There are many unique hazards associated with any waste that originates from a laboratory. Proper disposal of laboratory wastes is important for the health and safety of everyone in the University community and beyond. A few basic guidelines are below. For a more in-depth look at laboratory waste management with much more detailed information, visit the Environmental Management website.
Solid waste is waste which is not regulated for special disposal and therefore can be placed in a standard dumpster for disposal. Solid waste is removed from the laboratory by Facilities Management & Planning staff at BU and Environmental Services at BMC. Examples of solid waste include:
- Office waste – papers, plastics, and other non-contaminated trash. Office waste can be placed in a general trash receptacle.
- Glass waste – non-contaminated broken or whole glass, glass or plastic pipettes, pipette tips. Glass waste should be placed in a sturdy, cardboard box with top, lined with a plastic bag. The box should be clearly marked “Broken Glass – Trash”.
- Uncontaminated animal bedding. Uncontaminated animal bedding should be placed in a sturdy bag and sealed.
- Autoclaved biological material. After the material has been confirmed to be sterile, biohazardous labels should be removed and the material should be placed in a sturdy bag.
- Batteries. Batteries may be collected in the laboratory’s hazardous waste area. Collect in a properly labeled plastic bag. Pickup can be arranged by completing the appropriate form.
- Fluorescent lamps. Fluorescent lamps may be collected in the laboratory’s hazardous waste area. Do not place fluorescent lamps in the broken glass box. Collect in a properly labeled plastic bag or sturdy box. Pickup can be arranged by completing the appropriate form.
- Most chemical waste is regulated as hazardous waste. For assistance in making a waste determination, contact Environmental Health & Safety.
- Collect chemical waste in an appropriately labeled container within the laboratory’s hazardous waste satellite accumulation area (SAA). Pickup can be arranged by completing the appropriate form.
Biological and sharps waste
- Red bag waste – solid, non-sharp biohazardous waste which is not decontaminated before leaving the laboratory. On the Boston University Medical Campus (BUMC), red bag waste is removed daily by the custodians. On the Charles River Campus, red bag waste is removed weekly, by request. Fill out a Charles River Campus biowaste removal request online.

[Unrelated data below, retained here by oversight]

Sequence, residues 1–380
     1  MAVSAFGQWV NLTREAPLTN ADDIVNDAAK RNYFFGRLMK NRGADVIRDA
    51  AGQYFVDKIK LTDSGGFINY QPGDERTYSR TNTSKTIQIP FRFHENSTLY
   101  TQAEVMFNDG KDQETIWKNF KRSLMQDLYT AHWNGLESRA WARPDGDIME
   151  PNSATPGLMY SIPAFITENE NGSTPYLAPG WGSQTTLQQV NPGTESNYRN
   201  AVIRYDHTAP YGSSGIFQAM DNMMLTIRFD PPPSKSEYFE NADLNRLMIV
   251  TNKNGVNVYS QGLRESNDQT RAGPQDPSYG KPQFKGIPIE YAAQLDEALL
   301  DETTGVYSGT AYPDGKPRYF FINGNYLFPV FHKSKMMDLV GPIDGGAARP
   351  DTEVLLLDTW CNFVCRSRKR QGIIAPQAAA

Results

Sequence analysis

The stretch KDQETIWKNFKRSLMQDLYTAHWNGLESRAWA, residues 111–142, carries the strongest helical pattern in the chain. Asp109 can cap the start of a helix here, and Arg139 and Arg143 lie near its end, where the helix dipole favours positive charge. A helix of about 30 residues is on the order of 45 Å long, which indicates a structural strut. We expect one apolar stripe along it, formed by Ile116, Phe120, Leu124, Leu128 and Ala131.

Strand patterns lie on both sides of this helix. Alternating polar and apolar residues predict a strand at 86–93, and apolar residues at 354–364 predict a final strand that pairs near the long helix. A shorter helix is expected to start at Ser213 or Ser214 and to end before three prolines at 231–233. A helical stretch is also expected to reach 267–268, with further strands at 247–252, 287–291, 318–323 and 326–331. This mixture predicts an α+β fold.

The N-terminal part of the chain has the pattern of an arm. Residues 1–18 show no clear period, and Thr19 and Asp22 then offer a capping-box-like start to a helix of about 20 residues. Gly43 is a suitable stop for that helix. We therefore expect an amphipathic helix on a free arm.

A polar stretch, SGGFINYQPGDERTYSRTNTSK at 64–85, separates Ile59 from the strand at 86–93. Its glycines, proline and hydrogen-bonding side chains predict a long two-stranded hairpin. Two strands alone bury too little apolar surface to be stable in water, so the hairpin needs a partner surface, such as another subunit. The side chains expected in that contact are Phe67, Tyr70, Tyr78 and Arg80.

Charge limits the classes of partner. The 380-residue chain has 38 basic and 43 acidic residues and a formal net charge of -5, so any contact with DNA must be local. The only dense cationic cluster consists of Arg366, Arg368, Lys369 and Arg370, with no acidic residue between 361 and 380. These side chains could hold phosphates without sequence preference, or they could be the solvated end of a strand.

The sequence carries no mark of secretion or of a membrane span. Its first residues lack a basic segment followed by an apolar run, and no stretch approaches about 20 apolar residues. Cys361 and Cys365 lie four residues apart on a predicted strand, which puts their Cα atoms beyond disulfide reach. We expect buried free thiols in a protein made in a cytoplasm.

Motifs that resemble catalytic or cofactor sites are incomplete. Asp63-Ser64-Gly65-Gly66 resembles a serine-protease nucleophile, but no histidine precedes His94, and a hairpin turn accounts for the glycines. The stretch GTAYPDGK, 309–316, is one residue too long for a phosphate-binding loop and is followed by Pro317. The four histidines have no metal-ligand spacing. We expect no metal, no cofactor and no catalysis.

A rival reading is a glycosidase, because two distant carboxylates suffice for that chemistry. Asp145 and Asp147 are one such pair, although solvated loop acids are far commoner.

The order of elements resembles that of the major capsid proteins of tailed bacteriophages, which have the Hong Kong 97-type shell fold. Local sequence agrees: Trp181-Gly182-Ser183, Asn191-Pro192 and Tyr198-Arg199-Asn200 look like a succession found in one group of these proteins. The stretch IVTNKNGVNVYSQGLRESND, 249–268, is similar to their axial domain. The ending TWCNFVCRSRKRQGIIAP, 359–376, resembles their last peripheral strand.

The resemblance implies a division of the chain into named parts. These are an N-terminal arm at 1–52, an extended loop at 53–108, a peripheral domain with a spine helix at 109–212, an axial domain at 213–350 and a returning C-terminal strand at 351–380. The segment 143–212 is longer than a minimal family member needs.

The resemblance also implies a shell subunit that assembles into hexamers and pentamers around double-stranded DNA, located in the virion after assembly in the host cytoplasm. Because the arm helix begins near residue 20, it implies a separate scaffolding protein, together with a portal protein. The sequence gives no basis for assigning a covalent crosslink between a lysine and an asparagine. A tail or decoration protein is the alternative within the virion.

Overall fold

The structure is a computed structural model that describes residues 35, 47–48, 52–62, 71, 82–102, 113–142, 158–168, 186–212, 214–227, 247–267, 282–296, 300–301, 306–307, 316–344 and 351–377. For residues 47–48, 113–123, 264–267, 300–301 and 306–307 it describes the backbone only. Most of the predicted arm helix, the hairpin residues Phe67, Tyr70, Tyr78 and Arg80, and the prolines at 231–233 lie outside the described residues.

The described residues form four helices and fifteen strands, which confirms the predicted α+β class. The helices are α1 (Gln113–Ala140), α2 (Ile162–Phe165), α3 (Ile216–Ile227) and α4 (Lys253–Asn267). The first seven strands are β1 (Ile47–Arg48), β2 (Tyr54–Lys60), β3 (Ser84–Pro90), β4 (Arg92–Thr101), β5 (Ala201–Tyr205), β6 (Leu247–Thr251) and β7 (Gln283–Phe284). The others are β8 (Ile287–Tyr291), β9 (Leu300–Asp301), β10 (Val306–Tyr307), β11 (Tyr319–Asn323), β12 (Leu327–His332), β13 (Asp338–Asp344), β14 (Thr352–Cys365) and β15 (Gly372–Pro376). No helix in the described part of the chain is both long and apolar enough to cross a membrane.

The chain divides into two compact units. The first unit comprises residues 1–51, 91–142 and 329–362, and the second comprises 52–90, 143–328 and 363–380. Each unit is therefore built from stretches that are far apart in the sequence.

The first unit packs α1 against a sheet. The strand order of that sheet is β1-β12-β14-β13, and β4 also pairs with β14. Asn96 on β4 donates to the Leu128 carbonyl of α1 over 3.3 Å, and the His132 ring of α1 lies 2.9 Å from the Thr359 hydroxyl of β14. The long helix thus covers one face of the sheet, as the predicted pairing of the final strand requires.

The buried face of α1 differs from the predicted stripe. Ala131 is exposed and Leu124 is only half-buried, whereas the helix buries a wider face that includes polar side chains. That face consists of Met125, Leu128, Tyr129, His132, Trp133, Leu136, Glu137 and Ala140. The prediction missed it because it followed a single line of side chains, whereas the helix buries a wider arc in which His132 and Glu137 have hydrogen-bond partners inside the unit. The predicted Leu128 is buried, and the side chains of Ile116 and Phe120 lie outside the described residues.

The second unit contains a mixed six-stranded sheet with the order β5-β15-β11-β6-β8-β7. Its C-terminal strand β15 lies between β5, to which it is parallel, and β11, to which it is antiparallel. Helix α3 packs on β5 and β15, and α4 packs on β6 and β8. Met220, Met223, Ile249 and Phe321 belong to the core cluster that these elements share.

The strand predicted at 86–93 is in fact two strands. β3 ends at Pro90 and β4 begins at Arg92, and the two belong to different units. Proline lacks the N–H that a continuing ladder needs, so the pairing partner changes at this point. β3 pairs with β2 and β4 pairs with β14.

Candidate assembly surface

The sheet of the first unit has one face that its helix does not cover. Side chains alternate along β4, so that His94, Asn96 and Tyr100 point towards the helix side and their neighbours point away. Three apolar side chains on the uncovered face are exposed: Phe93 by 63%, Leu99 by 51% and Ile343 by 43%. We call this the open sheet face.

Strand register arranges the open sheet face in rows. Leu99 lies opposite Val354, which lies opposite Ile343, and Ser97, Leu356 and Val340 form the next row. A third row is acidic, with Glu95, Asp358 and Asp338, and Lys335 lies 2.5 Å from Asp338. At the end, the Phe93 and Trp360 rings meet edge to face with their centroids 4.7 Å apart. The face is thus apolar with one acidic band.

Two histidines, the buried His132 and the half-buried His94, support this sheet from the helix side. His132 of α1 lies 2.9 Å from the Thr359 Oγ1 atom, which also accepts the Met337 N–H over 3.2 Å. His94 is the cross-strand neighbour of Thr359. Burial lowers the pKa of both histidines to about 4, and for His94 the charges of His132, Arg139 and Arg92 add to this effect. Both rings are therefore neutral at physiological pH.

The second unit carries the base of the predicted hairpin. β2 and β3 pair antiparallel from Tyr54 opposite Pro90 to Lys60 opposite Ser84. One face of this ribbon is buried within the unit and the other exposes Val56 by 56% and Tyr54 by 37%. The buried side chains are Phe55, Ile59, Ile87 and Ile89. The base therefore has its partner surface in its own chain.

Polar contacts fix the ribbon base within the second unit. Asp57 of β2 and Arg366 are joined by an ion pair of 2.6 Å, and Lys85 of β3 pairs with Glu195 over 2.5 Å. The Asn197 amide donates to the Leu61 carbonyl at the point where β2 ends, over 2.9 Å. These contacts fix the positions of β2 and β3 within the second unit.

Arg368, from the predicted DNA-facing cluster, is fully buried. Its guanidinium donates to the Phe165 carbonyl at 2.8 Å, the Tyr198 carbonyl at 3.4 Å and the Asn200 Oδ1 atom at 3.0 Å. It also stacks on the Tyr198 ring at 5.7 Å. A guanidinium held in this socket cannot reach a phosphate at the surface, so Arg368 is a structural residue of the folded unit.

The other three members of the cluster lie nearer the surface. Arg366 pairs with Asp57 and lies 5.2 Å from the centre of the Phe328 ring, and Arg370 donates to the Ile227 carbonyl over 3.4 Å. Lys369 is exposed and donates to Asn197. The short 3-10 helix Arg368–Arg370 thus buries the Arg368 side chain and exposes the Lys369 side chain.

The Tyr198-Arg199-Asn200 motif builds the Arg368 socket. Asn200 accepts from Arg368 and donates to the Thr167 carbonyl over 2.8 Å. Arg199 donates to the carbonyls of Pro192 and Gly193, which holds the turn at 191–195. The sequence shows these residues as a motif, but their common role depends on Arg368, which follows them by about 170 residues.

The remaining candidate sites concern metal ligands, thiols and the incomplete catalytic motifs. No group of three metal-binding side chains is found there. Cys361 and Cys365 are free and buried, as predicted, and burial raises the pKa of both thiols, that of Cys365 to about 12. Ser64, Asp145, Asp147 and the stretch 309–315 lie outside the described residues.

- Orange bag autoclave waste – solid, non-sharp biohazardous waste which is autoclaved by laboratory personnel prior to disposal as red bag waste or solid waste.
- Sharps waste – needles, syringes, razor blades, and other metal sharps, regardless of whether they are contaminated with biohazardous materials. Sharps waste must be placed in approved sharps containers. On the Boston University Medical Campus (BUMC), the Laboratory Supervisor/Principal Investigator is responsible for providing sharps containers to the laboratory. On the Medical Campus, Facilities Management staff removes full sharps containers from laboratories. On the Charles River Campus, sharps containers are provided and removed on request. To fill out a Charles River Campus sharps request, complete Hazardous Waste Pickup Request form.
Mercury-Containing Chemicals and Equipment
Boston University discourages the use of mercury in chemicals or equipment anywhere on campus. Replacement non-mercury thermometers, barometers, manometers, and other basic equipment is available free of charge from Environmental Health & Safety. Contact EHS for more information.